From what I'm seeing, you're not using "true" sub-assemblies. You seem to have some random parts in some sort of semi-random placement. A sub-assembly is, usually, a group of parts that actually fit together (welded, screwed/bolted, etc) that are then affixed to a larger assembly.
To do what you want to do with your 'sub-assembly', you'd need to create configurations. Start with the default configuration, one that allows the bits in it to move around, and have the file open. In your upper level assembly insert the sub-assembly and make it flexible. Position the parts, then switch back to your sub-assembly. If the parts haven't moved around, rebuild it. This should cause the parts to move to the positions that they're in in the upper level assembly. Create a new configuration, then lock all the parts in place. Go back to the main assembly and change that instance to the newley created configuration. You'll need to repeat this for each instance of the sub-assembly in the assembly.
Another method would be to bring the individual bits into the upper level assembly and position as needed. Ctrl+select all the parts, right click and choose 'Form new sub-assembly here'. Doing this will create individual sub-assemblies versus one sub-assembly with multiple configurations.
I would really recommend creating the assembly as it would actually be assembled, though.
Thanks for the deffinition. Indeed, what I mean with subassembly is lower level assembly inside another assembly in a tree structure. In case those parts where fit toguether (welded, for example), the deffinition would also apply, because in the end, the assembly will be included in an upper level assembly. Just saying these semi-ramdomly located parts where created to have something to work with in this discussion, so that they are only a simplification of the problem to work with.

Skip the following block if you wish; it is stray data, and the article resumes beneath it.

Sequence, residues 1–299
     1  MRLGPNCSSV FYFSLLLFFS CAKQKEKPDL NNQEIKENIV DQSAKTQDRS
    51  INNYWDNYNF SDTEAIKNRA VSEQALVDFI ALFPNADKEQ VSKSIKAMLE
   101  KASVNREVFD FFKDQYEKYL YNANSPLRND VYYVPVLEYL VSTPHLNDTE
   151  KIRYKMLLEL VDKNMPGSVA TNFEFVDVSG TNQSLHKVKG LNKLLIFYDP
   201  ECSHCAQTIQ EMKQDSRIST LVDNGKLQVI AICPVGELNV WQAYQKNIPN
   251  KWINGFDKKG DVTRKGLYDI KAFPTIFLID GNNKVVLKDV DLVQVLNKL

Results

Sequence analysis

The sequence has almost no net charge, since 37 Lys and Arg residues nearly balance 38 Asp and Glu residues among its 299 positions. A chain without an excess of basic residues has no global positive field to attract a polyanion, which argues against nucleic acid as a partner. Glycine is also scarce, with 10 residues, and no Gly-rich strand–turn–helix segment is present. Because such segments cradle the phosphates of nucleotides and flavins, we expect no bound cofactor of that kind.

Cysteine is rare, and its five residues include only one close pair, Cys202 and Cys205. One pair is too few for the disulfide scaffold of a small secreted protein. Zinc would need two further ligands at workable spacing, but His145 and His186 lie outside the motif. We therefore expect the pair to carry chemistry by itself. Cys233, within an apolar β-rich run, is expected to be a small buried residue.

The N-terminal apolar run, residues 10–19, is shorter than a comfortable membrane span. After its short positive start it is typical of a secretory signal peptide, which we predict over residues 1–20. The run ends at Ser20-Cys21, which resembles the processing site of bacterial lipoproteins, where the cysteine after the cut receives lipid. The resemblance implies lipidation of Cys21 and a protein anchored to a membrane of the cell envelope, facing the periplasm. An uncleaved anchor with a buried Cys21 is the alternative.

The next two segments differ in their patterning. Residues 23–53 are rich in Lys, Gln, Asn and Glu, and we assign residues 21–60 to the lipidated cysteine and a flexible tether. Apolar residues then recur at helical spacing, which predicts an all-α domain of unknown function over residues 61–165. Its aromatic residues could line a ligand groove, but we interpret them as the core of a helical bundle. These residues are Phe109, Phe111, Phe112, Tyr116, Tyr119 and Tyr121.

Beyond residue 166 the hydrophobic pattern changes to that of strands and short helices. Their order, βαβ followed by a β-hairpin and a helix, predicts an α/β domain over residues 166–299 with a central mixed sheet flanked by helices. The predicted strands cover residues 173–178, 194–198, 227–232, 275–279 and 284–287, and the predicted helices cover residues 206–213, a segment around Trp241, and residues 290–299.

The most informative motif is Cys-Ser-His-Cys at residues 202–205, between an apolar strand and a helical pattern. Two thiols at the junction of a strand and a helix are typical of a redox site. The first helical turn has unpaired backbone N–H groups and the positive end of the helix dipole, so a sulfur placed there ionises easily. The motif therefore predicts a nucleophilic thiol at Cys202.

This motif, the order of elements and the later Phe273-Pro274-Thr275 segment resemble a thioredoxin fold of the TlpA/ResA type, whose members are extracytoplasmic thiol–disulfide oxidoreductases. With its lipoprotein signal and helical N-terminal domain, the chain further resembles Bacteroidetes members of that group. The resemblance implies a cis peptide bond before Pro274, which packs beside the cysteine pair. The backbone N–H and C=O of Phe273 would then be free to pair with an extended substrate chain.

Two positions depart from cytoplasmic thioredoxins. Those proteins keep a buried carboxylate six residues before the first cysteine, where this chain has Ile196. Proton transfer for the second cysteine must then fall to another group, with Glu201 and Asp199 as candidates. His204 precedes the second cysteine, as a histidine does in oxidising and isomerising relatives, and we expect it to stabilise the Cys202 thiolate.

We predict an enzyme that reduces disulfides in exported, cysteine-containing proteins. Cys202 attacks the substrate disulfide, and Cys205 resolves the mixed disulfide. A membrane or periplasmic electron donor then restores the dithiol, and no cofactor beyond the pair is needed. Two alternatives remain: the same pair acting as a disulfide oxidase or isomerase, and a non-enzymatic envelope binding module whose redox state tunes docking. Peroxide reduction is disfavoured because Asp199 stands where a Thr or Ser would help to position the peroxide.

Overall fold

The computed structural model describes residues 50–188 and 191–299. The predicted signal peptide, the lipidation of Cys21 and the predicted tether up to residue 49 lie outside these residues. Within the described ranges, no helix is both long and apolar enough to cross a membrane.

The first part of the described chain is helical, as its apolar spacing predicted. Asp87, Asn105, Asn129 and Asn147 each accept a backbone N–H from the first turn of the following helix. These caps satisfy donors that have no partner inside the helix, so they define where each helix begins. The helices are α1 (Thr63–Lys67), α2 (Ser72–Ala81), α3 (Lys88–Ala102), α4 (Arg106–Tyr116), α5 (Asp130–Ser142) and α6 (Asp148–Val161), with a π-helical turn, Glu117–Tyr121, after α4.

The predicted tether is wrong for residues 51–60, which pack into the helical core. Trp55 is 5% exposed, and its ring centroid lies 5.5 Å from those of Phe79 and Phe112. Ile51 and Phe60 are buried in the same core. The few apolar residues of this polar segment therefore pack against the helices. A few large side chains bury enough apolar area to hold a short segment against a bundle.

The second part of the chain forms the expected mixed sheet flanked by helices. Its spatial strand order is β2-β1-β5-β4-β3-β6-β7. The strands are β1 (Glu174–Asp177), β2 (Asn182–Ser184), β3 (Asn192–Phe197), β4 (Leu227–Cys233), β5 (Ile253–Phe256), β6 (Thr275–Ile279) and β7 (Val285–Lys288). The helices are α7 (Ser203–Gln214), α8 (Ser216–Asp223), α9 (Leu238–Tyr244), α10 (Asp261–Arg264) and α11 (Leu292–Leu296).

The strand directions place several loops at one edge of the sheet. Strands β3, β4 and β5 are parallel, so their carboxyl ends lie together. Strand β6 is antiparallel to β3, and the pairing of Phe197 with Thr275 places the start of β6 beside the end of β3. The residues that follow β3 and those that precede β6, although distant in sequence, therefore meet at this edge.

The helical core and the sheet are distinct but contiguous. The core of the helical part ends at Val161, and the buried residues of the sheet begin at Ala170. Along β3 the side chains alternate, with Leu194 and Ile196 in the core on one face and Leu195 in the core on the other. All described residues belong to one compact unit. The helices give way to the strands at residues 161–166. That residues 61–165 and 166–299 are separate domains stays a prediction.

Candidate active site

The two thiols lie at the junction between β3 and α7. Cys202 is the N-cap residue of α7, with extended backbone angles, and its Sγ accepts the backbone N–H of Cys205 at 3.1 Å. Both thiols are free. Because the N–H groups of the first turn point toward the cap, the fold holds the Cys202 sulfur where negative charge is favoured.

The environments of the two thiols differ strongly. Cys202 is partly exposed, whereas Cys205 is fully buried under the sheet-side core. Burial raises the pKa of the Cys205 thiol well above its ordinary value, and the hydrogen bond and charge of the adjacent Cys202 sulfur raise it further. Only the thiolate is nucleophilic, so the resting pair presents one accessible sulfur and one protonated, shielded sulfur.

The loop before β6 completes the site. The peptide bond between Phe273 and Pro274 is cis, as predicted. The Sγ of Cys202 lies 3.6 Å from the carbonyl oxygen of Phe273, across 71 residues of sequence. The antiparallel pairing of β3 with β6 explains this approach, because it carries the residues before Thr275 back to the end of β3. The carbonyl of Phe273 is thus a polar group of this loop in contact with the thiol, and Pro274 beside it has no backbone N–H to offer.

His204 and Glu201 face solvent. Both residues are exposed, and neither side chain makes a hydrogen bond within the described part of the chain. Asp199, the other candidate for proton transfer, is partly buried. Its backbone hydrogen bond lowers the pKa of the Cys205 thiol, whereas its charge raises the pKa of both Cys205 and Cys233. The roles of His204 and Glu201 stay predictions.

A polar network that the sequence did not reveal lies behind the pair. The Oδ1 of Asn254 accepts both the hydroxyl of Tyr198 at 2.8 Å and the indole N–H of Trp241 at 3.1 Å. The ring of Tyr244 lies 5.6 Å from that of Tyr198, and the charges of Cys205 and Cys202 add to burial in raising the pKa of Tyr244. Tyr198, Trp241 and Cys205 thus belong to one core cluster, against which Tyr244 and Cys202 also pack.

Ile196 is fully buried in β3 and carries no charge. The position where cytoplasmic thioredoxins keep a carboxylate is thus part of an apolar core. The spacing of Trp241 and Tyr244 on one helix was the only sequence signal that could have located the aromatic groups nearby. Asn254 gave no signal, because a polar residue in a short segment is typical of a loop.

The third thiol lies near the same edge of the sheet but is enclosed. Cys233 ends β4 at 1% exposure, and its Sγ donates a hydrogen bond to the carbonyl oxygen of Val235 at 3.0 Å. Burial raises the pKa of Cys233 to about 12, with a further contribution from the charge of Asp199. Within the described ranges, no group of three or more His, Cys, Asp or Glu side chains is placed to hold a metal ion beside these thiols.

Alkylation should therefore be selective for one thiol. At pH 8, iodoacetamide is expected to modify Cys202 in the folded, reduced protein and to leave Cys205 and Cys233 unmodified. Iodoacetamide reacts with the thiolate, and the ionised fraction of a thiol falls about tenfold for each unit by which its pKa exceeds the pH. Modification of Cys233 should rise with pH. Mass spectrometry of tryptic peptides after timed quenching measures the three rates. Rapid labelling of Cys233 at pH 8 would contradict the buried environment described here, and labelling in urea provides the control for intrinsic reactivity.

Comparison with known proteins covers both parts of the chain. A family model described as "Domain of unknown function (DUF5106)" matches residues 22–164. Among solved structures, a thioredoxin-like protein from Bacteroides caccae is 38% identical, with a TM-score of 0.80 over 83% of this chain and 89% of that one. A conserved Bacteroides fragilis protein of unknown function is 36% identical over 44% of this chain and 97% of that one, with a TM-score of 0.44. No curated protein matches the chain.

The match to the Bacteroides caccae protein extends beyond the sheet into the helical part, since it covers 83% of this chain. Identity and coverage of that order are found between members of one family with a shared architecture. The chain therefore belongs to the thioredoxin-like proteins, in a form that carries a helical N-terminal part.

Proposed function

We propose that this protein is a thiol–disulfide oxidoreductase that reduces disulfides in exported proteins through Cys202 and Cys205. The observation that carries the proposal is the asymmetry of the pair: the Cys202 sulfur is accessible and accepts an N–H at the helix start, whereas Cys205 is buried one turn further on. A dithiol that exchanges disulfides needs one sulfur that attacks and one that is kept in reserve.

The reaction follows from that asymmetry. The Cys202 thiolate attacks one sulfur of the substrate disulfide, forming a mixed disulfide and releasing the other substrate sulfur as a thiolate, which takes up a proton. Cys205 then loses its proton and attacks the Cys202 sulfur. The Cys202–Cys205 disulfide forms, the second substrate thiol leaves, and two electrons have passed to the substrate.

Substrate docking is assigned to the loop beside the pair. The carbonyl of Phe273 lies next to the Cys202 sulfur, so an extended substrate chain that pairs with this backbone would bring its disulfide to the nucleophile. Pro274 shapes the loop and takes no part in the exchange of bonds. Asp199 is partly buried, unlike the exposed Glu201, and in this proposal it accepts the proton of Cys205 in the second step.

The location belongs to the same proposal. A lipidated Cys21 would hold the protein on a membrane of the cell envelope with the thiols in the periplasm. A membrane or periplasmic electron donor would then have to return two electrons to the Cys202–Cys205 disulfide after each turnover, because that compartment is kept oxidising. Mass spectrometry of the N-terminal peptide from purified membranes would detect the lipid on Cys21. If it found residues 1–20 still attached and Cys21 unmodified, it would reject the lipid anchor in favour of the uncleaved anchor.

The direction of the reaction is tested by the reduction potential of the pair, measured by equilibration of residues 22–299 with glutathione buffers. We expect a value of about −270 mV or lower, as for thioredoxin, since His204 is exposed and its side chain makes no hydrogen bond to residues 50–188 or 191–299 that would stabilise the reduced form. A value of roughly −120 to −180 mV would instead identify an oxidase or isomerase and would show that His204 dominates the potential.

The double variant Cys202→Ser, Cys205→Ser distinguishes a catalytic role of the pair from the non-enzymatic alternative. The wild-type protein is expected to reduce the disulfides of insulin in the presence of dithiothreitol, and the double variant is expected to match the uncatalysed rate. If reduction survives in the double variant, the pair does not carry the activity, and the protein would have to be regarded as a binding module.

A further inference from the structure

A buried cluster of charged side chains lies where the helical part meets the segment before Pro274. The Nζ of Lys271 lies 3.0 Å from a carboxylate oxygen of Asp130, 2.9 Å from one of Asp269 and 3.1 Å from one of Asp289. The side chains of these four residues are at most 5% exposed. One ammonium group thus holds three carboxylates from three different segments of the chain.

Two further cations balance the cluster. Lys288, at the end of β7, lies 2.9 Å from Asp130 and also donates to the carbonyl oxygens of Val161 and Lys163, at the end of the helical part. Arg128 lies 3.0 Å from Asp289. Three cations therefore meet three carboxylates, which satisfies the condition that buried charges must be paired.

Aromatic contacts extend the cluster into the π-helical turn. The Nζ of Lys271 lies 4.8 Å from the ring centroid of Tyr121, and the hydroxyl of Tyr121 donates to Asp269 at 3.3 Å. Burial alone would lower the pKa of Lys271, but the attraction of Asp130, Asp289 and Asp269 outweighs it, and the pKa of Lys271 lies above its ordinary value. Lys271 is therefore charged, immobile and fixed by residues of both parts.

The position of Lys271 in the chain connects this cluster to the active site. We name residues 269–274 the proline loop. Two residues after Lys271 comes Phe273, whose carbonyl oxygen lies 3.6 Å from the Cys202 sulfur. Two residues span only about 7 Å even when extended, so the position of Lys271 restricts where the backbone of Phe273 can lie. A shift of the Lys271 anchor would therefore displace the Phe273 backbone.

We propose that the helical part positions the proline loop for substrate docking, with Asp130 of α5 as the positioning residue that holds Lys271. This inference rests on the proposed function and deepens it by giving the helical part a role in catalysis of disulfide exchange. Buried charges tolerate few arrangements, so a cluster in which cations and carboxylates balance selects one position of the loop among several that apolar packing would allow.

Concerning the proccedure with configurations you mention, it works. Thank you. Although it is large, this is the step by step I did:
- Having and upper level assembly containing its own part, I added the lower level assembly which included its onw parts in a random location and added smartmates between origins of boths assemblies.
- Set lower level assembly as flexible. And added every smartmate needed between its parts and the upper level assembly parts.
- Saved (with rebuild)
- Opened lower level assembly and found everything hadn´t changed.
- Turned back to upper level assembly window, RMB on lower level asembly, "edit assembly (in context)".
- Came back to lower level assembly window and found everything according with smartmates added un step 2 and created a new configuration in the lower level assembly and set to "fix" every part.
- Came back to upper level assembly, "finished editing assembly". And set lower level assembly to Rigid. It forgets about smartmates in step 2 and smartmates errors appear.
- Set lower level assembly to the new created configuration and rebuild. Errors change for warnings and now everything is in its place.
- Suppresed every smartmate related to step 2 and unsupressed origins' smartmate so that lower level assembly is fixed.
"Creating new sub-assembly here" is an option I haven´t been able to find in SW2013, although is not useful in this case because I must use an already created assembly. What I found was more like: "insert>component>assembly of selected components". It brings the smartmates so as the parts inside a new virtual assembly with the parts in the desired possition.
Creating and adding another assy and dragging the parts would also work. Again, I can´t use this.
I miss your recommendation of "creating the assembly as it would actually be assembled" because the possition of the parts in the lower level assembly depend of the upper level assembly. I think, I would never be able to place the parts correctly in the lower level asembly without using smartmates and doing the proccedure mentioned before. Could you please add some coments concerning that?